Mo. Supreme Court: Choking on breakfast sandwich not work comp compensable
By Brad Young, Harris Dowell Fisher & Young L.C.
December 22, 2021 - In February, Missouri Court of Appeals, Southern District reversed a denial by the Missouri Labor and Industrial Relations Commission, determining that an employee who choked on a breakfast sandwich, causing him to crash his vehicle, suffered a compensable workers' compensation injury.
Following this absurd decision, the employer/insurer filed for transfer to the Missouri Supreme Court. On December 21, the Missouri Supreme Court reversed the Court of Appeals and affirmed the denied of the claim by the Commission, correctly finding that the employee who crashed his vehicle while eating a breakfast sandwich did NOT suffer a compensable injury.
WHY THE COURT FOUND THIS CLAIM NON-COMPENSABLE
The MO Supreme Court found that claimant failed to establish his injuries arose out of and in the course of his employment. To be eligible for workers’ compensation benefits, a claimant must establish the risk was related to the employment and the claimant would not have been equally exposed outside of and unrelated to the employment in normal nonemployment life.
The injury’s risk source is key. Claimant’s injury’s risk source was eating while driving, which created a risk of choking and led to the accident resulting in injury. Eating while driving was not related to Boothe’s employment, as the Employer did not require him to eat breakfast during the workday and claimant could have had breakfast beforehand despite a tight schedule.
Furthermore, although claimant alleged he ate at home when not working, he otherwise failed to establish he was not equally exposed to risk of injury from eating while driving in nonemployment life. Accordingly, his injury was not compensable.
This decision further advances the “Equal Exposure” defense found in §287.020.(3)(2)(b), which states that an injury is compensable ONLY if:
“It does not come from a hazard or risk unrelated to the employment to which workers would have been equally exposed outside of and unrelated to the employment in normal nonemployment life.”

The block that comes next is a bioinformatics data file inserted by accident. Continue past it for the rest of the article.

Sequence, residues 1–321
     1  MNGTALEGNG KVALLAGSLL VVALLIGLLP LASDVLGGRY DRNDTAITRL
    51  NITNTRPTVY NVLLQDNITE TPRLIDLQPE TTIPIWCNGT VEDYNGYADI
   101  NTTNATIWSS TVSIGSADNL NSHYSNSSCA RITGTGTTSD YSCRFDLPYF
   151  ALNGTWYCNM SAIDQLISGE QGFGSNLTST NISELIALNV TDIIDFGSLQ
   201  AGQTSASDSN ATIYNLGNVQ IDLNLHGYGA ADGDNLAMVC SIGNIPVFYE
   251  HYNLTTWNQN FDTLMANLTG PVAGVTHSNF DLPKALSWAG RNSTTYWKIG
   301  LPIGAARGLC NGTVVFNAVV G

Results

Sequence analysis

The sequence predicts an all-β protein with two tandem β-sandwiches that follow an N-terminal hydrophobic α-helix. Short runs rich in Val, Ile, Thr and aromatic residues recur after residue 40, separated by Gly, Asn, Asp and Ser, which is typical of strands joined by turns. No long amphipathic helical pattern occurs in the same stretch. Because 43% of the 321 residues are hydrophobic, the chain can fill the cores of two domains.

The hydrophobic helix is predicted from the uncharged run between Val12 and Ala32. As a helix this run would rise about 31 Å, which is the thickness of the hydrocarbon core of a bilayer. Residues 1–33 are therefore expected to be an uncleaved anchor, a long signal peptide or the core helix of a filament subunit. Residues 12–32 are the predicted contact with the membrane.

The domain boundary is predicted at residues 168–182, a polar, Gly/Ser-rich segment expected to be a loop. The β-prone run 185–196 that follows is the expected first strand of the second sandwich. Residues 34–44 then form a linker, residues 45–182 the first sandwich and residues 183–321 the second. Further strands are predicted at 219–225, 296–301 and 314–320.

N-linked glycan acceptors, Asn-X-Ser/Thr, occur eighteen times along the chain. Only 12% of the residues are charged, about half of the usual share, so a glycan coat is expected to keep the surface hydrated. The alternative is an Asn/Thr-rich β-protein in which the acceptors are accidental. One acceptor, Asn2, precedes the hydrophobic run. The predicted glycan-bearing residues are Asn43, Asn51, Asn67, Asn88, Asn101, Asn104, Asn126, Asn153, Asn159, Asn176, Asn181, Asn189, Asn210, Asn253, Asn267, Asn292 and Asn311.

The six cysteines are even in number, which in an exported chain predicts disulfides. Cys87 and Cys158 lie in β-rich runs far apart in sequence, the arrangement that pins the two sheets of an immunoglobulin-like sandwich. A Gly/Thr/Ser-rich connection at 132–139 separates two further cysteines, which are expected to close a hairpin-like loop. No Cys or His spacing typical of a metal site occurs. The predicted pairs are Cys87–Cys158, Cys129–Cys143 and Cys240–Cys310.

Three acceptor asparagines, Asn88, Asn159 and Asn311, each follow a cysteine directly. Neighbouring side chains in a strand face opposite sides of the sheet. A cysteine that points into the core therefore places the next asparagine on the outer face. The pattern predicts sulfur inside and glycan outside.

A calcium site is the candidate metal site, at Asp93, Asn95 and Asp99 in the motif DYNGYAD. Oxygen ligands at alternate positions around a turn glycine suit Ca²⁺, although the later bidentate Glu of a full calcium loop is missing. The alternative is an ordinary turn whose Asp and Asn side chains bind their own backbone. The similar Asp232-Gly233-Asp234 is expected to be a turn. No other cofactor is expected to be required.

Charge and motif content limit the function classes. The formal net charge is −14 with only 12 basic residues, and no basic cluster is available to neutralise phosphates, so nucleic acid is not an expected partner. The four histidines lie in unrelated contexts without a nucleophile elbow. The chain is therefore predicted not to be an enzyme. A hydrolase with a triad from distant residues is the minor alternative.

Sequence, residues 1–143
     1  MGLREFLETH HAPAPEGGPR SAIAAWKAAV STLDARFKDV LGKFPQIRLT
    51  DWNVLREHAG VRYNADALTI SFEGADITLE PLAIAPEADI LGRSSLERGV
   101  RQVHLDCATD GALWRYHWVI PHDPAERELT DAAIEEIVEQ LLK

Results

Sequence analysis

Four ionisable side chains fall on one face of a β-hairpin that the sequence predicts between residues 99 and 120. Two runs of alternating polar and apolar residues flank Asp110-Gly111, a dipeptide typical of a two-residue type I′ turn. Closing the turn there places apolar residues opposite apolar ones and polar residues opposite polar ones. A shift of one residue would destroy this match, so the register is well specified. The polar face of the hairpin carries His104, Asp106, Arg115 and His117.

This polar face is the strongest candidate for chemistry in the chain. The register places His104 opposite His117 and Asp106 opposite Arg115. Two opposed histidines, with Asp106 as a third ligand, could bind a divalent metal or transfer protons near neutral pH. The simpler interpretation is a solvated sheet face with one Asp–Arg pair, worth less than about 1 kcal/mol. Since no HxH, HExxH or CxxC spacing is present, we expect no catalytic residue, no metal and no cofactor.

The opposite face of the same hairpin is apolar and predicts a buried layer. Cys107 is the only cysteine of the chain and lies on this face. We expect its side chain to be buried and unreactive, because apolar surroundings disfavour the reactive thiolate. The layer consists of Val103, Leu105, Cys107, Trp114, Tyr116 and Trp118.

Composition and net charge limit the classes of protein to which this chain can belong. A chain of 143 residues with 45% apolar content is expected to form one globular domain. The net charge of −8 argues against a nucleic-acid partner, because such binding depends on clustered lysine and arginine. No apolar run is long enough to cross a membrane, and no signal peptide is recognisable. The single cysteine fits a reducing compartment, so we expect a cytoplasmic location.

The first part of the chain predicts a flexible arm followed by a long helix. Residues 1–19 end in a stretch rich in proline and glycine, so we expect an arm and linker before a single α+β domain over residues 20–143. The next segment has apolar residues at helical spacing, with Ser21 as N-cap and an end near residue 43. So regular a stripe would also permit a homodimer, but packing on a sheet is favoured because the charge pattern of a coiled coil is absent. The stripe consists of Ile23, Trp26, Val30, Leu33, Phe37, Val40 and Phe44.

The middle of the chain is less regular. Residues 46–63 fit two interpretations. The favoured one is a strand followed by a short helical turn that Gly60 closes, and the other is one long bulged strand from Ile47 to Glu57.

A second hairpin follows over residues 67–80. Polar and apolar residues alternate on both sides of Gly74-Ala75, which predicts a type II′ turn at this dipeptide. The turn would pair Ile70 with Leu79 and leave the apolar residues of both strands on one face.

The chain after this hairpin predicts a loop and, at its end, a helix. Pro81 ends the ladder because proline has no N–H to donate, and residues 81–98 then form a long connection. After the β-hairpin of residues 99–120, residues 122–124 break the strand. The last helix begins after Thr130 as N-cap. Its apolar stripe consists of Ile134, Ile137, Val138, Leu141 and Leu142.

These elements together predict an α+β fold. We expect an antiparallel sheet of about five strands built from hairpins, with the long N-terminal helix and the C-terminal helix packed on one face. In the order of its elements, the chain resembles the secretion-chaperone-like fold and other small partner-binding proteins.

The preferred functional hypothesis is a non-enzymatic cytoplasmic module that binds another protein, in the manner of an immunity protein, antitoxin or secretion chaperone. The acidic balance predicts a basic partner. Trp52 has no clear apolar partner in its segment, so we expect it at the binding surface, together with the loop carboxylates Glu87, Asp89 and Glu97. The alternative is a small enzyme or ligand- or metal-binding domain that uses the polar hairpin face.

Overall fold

The Missouri Supreme Court previously applied this statute, stating:
“[I]t is not enough that an employee's injury occurs while doing something related to or incidental to the employee's work; rather, the employee's injury is only compensable if it is shown to have resulted from a hazard or risk to which the employee would not be equally exposed in ‘normal nonemployment life.’ ” Johme v. St. John's Mercy Healthcare, 366 S.W.3d 504, 509 (Mo. banc 2012).
PRACTICE POINTS First, when analyzing the compensability of a new claim, ensure that you identify the specific risk source that caused the injury. Here, it was the choking that occurred while the claimant was eating his breakfast sandwich that caused the car accident. If you can demonstrate that the risk source is not related to the employment, you can develop a successful defense to a claim. Secondly, this case is the poster child for developing a robust set of safety rules and procedures. Under §287.120.5, the employer/insurer can reduce the benefits paid to the claimant by up to 50% if the injury occurred as a result of the employee’s failure to follow safety rules or use safety equipment:
“§287.120.5: Where the injury is caused by the failure of the employee to use safety devices where provided by the employer, or from the employee’s failure to obey any reasonable rule adopted by the employer for the safety of employees, the compensation and death benefit provided for herein shall be reduced at least twenty-five but not more than fifty percent; provided, that it is shown that the employee had actual knowledge of the rule so adopted by the employer.” (Emphasis added) If you have any questions about this decision from the Missouri Supreme Court or how to implement the suggested practice points, please feel free to call or email Brad Young, email@example.com, (636) 532-0300.